Yes. A patient or a provider may appoint any individual, including an attorney, to act as their representative during the appeals process. That can happen at any time during the appeals process.

A patient or a provider can appoint a representative by filling out the CMS Appointment of Representative Form (CMS-1696).  A patient or provider can also send the MAC written notice that they will be using a representative in the appeals process. But that notice must follow specific requirements under the law – 42 CFR 405.910.

The representative’s appointment is valid for one year and may be used multiple times to initiate new appeals on behalf of the patient or provider.

When Will a MAC Respond to My Appeal?

A MAC will send its decision about the appeal, within 60 days of receiving your request for review.

It may be reassuring to know that between 2010 to 2014, around 40-50% of Medicare Fee-for-Service appeals were at least partially reversed at the first level of review.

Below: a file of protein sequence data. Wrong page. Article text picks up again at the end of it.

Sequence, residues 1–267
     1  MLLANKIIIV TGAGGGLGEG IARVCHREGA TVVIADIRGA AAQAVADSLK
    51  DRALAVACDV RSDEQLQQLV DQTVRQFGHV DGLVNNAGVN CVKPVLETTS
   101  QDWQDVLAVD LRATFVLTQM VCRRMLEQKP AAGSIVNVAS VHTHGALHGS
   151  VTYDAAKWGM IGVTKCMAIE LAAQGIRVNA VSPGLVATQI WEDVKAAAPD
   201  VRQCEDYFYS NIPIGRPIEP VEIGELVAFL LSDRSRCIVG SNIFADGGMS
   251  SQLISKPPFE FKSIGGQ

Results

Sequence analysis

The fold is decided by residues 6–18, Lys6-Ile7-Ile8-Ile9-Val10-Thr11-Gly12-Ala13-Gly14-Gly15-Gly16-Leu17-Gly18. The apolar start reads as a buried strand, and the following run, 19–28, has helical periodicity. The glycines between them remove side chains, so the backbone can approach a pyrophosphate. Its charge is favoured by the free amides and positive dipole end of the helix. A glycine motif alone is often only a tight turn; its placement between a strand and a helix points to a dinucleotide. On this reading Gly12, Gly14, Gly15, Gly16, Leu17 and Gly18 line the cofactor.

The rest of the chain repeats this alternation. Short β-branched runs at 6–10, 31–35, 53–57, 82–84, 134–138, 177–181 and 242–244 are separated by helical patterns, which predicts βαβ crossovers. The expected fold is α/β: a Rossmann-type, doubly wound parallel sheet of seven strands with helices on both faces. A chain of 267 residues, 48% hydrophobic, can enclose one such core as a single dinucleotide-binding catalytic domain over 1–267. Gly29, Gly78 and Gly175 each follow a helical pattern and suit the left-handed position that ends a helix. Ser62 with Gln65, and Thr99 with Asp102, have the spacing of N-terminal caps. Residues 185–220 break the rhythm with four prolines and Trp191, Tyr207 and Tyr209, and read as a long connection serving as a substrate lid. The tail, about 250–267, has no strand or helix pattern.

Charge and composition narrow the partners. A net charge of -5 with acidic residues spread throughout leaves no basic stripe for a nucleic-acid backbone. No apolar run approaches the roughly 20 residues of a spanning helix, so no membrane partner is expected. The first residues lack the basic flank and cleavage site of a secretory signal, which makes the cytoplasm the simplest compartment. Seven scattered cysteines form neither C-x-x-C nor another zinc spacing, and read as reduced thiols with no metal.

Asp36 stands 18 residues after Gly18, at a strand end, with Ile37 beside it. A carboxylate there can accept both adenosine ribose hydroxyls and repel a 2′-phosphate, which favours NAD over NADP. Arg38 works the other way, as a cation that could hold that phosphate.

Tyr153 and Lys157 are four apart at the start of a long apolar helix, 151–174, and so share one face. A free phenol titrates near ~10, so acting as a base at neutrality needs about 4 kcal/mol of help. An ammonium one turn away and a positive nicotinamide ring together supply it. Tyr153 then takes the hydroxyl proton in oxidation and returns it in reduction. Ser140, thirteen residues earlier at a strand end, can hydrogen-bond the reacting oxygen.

If the MAC dismisses the redetermination request, a patient or provider can move to the second level of review, which is requesting review from a Qualified Independent Contractor (QIC). A QIC is an independent contractor that did not take part in the first level reconsideration decision.

Parties may also request that the MAC vacate the dismissal.

More information on this process can be found on the CMS Medicare Appeals page.

Where Can I Learn More About Medicare?

Navigating the health care system when you have Medicare can feel like a roller coaster and you don’t know what tracks lay ahead. Triage Cancer is here to help with our Medicare & Cancer Resources. On our Resource Page, you can find important information such as Quick Guides to the different parts of Medicare, enrollment periods, financial assistance programs, and more.

About Triage Cancer

Triage Cancer is a national, nonprofit providing free education to people diagnosed with cancer, caregivers, and health care professionals on cancer-related legal and practical issues. Through eventsmaterials, and resources, Triage Cancer is dedicated to helping people move beyond diagnosis.

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Monica Bryant